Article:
This is hardly surprising when you consider its impact. When the employee experience is good, employees are happy, engaged, and able to get their work done efficiently. That delivers better bottom line results. In an academic study, Alex Edmans determined:
This is a fascinating question, and the answer appears to be: employee experience is the work of most (if not, all) of the people in your organization.
In a nutshell, those at the management level have a huge influence on the organization’s environment. They’re in a position of power that can start a positive (or negative) spiral.
However, other employees are not without power. When faced with challenging situations, it’s the employee’s decision as to how they react. Do they fly off the handle, gossip about the issue, bottle everything up, or take measures to seek out the source of the problem and fix it? In this way, every employee affects the experience for other employees.
Thus, improving the employee experience will most likely start with the leadership and management level; they lay the groundwork of putting employees first. However, it’s up to employees to work within a genuine framework and positively contribute to the overall experience. (Here’s a detailed article from Hppy on this topic.)
Although people recognize the importance of improving employee experience, 59% of the respondents to the Deloitte survey (mentioned above) didn’t know how they were going to tackle the problem. Delivering a great employee experience can be elusive and challenging.
“The employee experience may be broad in scope, but it starts by optimizing every touchpoint that an employee comes in contact with, to create an integrated experience that feels holistic throughout every stage.”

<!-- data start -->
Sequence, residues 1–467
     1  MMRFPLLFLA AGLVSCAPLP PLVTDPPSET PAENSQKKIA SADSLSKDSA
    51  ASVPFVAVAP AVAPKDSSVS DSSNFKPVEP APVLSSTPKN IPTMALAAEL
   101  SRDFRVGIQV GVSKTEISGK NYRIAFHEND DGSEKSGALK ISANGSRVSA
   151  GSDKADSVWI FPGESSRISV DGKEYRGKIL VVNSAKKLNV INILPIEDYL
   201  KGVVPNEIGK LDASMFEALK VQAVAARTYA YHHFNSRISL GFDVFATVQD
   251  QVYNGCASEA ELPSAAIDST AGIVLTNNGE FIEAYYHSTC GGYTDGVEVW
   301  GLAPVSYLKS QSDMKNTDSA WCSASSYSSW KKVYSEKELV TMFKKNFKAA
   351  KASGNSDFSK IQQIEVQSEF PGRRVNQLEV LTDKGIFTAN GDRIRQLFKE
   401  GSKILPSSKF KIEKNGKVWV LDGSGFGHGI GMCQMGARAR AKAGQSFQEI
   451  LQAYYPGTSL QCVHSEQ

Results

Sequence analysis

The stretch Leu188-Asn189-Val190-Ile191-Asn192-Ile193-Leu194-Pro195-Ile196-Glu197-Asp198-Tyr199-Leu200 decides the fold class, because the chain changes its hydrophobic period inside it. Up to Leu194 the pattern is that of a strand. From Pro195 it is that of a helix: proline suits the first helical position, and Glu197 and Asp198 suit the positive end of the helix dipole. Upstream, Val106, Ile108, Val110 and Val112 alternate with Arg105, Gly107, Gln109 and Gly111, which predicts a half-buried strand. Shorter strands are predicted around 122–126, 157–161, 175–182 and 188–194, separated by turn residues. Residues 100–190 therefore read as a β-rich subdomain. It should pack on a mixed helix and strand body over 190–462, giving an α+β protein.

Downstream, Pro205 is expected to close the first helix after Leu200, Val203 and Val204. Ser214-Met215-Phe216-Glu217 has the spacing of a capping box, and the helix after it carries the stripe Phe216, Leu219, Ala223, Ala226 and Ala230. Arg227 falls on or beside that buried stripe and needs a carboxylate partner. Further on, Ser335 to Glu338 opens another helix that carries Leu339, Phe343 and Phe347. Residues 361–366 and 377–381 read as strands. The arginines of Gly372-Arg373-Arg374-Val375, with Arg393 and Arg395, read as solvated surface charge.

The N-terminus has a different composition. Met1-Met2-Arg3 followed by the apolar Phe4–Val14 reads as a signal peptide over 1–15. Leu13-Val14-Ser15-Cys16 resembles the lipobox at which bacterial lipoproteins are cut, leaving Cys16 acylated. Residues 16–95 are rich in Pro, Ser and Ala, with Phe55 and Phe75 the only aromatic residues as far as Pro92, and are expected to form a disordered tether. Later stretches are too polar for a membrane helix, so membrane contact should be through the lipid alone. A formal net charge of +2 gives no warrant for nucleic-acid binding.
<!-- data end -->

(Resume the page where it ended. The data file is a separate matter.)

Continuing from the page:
The key word here is holistic. A great employee experience is holistic. It seamlessly takes you from end to end, starting from the first day you encounter your new employee.
Herein lies one of the big challenges for improving employee experience. Its components are dispersed across many different people, tools, files, and forms. The first step to changing this, is to glue these pieces together and make your employee experience consistent and enjoyable.
How do you do this? Get the right people and the right technology. The next section explains what to look for.
Good technology (specifically, a good communications tool) will enable you to streamline communication and processes, and improve your company culture and engagement. It will help you stitch your employee experience together and approach it holistically. If you want more details, check out how intranets improve employee engagement.
However, while good technology can make life easier, it can’t do all of the work. Once you’ve laid the groundwork for a positive employee experience—given people the tools and processes they need to effectively get their job done—the rest is down to the humans in the equation.